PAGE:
These recordings bagged the Lemon Twigs a deal with 4AD Records and led to the making of their debut album, Do Hollywood, in Los Angeles, which they co-produced with Jonathan Rado of similarly sonically ambitious indie rockers Foxygen. At the time, Rado was working on a 16-track setup in his garage, based around a Tascam MXR-16 and an Allen & Heath desk.
“It was a comfortable environment,” says Brian. “We recorded all the basic tracks in 12 days. We’d focus on one song at a time, fill up the 16 tracks, then we got a tape transfer and did digital overdubs at home on Logic. I overdubbed the strings, playing all of them myself, and just had to overdub each part eight times because I wasn’t very good at violin!”
Both agree that working with Rado, along with their love of Dave Fridmann’s productions for the Flaming Lips, proved instructive when it came to developing their own sound. “We like things that are sonically weird,” explains Michael. “This thing comes in, in the left ear, and it never comes back again. Also, it’s the willingness to experiment and not be afraid of distortion. My dad kinda told me, ‘You wanna get a clean sound and then you can mess with it after.’ But we always just printed stuff with effects with Rado.”
Growing ever more independent, the Lemon Twigs self-produced their 2017 EP, Brothers Of Destruction, at home on the Tascam 80-8, a process which convinced them that they could make their second album by themselves in their basement. “We did similar things with strings and horns where we overdubbed them after,” says Michael of the EP. “But there’s a song, ‘Light And Love’, that was fully done on the eight-track with a live mix. That was our first taste of that method of mixing.”
Approaching the making of Go To School, the D’Addarios decided to spend their album budget more or less entirely on the purchase of a desk and tape machine. The latter they found on eBay, where they sourced an Otari MTR-100 24-track. “It was in perfect condition,” says Michael, “except for the rollers, which we had to replace.”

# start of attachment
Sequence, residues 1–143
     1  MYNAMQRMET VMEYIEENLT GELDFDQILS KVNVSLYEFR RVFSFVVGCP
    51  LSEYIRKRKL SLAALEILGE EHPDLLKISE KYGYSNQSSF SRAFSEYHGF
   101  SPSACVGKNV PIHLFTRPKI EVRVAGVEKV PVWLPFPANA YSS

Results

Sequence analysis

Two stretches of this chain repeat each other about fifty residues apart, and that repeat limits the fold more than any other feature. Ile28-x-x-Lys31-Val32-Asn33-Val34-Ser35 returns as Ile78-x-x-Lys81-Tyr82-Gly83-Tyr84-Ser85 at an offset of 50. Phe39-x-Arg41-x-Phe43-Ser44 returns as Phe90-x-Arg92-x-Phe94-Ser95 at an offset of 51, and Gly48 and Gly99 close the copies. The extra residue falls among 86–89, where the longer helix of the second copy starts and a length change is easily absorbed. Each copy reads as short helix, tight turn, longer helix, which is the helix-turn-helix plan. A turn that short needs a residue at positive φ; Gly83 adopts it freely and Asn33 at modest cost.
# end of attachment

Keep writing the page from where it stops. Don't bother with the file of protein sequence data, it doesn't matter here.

“We get new ATR tape,” says Brian. “A lot of people, maybe they buy old tape, but we don’t do that. We try not to do many other takes of songs. We try to really get it right the first time, otherwise it gets very fucking expensive. It’s ridiculous. But this is what we chose. The fact that it’s in our parents’ house means that the rent’s cheap. We just used the advance for recording purposes, as opposed to living. We decided that we were not gonna try to move out or anything. We’re just gonna live at home and do it the way we wanna do it.”
Their choice of desk was far more unusual: a ‘70s-built 28-channel Polygram console made for the record label by Philips and purchased from guitarist Jason Falkner (Jellyfish, Beck). “Certain channels aren’t 100 percent,” points out Michael. “Like, panning maybe doesn’t work on certain channels. But the EQs are really great on it.”
Both Brian and Michael D’Addario are drummers, though on Go To School the latter performed most of the drum tracks. “I only played drums on two songs, ‘Small Victories’ and ‘Never Know’,” says Brian. “Just the style of playing is more kinda funky. I wouldn’t say that I do that better than Michael, but it’s more my tendency, I guess. Whereas he’s really rock solid on drums. If I was doing anything more straight or rock & roll, I wouldn’t hold a candle to him. And then with the funkier stuff, it’s like maybe I just have more of a lighter touch.”
The drum kit the Lemon Twigs use in the studio is also slightly peculiar: a ‘70s Pearl budget line Tempro student kit bought for $25 from their teacher when the pair were still in elementary school. Mic-wise, they used four Shure SM58s for the snare and three toms, a ‘60s-vintage AKG D12 for bass drum and a pair of Oktava MK-012 pencil mics for overheads.